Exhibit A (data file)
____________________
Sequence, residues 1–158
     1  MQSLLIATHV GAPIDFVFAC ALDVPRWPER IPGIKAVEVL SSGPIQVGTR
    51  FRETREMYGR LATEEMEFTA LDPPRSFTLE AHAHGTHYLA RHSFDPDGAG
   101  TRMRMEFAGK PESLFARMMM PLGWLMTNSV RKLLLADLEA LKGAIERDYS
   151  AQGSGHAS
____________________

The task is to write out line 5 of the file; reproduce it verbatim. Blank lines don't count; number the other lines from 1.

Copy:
   151  AQGSGHAS